Be it the hostel staff, a friend or family member back home or anyone you trust – even if you’re just popping out, it’s good practice to give someone a heads up, just to be on the safe side.
2. Immerse Yourself
Do the thing, take the class, learn the stuff, visit the place…throw yourself into the experience to get the most out of it.
Revel in your new-found freedom and use it. Cowering in the corner never did anyone any favors.
3. It’s all About the Confidence…
When you go – go with a purpose. Confidence is a very attractive quality. It’ll bring new friends, it’ll keep unwanted types at bay and it will enable you to open up to a world of possibilities.
4. …And the Common Sense
A little bit goes a long way. Keep a good head on your shoulders. Don’t do anything rash or stupid. Make good judgment calls and learn to spot scams or dodgy situations.
If you don’t have them already, the skills and street smarts will come in time – but it doesn’t hurt to practice.
5. Don’t get too Drunk
Simple. A wasted solo traveler is a much easier target than a sober one.
Watch what you drink and who you’re drinking with. Know your limits. And if an offer looks too good to be true – it most likely is.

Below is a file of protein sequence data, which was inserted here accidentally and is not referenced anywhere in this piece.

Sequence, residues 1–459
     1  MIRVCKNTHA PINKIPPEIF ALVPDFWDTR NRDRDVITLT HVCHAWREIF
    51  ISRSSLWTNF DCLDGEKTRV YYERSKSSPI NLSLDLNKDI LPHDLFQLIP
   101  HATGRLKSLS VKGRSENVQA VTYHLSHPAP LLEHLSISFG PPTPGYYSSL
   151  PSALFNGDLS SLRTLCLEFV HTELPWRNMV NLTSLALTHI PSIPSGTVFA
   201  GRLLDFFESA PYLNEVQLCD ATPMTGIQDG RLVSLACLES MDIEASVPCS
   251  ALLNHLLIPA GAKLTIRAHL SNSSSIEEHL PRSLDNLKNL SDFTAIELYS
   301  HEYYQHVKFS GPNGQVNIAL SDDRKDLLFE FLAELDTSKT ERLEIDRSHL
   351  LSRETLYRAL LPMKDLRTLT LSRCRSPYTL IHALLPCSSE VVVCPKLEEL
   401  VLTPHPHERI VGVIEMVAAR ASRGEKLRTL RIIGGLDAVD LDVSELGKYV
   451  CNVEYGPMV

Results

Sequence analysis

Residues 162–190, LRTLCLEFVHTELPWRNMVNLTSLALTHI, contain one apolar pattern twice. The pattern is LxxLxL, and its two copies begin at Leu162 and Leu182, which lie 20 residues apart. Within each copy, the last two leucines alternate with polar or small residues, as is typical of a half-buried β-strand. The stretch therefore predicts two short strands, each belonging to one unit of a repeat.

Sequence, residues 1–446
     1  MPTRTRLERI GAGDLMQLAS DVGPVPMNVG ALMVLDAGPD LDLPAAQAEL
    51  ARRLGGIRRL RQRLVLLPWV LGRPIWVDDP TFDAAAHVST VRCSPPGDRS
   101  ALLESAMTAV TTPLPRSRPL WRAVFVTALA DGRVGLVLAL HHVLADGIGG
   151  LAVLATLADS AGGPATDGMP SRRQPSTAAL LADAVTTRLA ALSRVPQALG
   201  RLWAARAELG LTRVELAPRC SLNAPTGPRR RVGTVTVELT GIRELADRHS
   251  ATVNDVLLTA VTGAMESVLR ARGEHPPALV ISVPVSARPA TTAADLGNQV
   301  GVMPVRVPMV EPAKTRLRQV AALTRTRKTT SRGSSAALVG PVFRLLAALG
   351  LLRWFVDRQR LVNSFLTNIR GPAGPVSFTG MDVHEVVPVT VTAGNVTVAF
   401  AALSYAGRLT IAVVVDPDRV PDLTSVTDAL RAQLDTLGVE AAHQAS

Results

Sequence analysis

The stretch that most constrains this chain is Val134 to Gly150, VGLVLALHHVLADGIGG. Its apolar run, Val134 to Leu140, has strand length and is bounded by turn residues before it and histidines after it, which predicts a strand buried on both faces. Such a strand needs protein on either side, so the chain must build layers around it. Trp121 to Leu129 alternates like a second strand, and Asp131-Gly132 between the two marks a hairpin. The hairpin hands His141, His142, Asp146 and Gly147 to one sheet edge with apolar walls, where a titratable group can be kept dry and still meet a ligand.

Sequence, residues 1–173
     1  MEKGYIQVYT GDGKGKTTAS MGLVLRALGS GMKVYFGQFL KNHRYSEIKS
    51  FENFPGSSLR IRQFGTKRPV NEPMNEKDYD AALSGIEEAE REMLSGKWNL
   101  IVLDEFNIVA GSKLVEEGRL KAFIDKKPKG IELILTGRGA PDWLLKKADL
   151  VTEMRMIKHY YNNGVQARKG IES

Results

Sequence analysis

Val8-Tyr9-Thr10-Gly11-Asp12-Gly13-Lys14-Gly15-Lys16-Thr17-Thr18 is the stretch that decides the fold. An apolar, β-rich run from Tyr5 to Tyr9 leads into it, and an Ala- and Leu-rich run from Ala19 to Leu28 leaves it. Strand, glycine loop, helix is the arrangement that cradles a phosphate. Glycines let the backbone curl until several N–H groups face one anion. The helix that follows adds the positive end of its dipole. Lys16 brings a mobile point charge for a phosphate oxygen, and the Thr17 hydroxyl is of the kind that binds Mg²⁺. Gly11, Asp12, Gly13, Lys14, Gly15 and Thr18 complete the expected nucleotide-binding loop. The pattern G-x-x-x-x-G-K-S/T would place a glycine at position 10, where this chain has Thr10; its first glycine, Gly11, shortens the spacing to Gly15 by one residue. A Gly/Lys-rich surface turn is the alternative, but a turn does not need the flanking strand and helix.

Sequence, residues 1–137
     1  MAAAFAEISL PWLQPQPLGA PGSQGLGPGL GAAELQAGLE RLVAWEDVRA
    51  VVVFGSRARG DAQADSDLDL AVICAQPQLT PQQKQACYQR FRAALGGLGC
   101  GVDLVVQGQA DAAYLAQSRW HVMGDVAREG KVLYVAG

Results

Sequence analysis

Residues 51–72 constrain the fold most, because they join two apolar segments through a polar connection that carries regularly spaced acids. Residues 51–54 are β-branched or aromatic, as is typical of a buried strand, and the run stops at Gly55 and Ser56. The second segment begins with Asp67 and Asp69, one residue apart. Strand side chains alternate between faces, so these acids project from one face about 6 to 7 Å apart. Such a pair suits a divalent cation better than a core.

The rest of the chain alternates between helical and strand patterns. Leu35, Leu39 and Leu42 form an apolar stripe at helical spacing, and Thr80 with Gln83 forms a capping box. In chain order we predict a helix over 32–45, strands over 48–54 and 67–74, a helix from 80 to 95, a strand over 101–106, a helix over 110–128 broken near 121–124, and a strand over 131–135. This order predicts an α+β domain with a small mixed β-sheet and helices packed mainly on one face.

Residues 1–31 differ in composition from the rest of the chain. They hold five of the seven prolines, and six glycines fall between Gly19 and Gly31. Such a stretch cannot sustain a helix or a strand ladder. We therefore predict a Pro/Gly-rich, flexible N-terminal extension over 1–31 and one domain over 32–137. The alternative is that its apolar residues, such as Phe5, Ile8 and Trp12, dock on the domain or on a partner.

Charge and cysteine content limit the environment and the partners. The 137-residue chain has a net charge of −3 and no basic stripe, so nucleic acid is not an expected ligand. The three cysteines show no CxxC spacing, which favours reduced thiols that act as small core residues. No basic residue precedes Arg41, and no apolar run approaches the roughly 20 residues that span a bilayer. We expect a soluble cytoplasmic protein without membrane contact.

Plus, not being drunk helps with tip #4, having enough common sense to evaluate situations.
6. Pack Light
You don’t need three pairs of jeans. Lay out what you think you’ll need to pack and half it. Make that quarter it.
So long as you do regular laundry, you can last months on very little.
7. Separate Valuables
Just generally sound travel advice. Keep your passport, cards, cash and other important documents in different places. Invest in a hidden money belt or an anti-theft backpack for day-trips.
Keeping everything in the same pocket or compartment pretty much shows you don’t actually want to keep any of this stuff, also it screams: “Will someone, please, rob me?”.
8. Get Insurance – Or Don’t
You’ll get loads of travel blogs and websites telling you that insurance is a must. While it is a very good idea, you don’t actually NEED it.
I’ve had many traveling buddies wander the globe without it with no problems whatsoever.
Perhaps they were just lucky? Would you really want to risk it?
Anything can happen at any time, and if you’re on your own you’ll need all the help you can get – particularly if you’re up against the backside of beyond in an inhospitable and unsympathetic locale.
My advice would be to consider where you’re going and what you’re doing – and focus on the health side of insurance – rather than possessions. Stuff can always be replaced – you can’t be.
So, do you really need it for 6 months interrailing around Europe as opposed to hitchhiking the length of Africa?
Are you planning on doing a spot of skiing or just a three-day break in Vienna?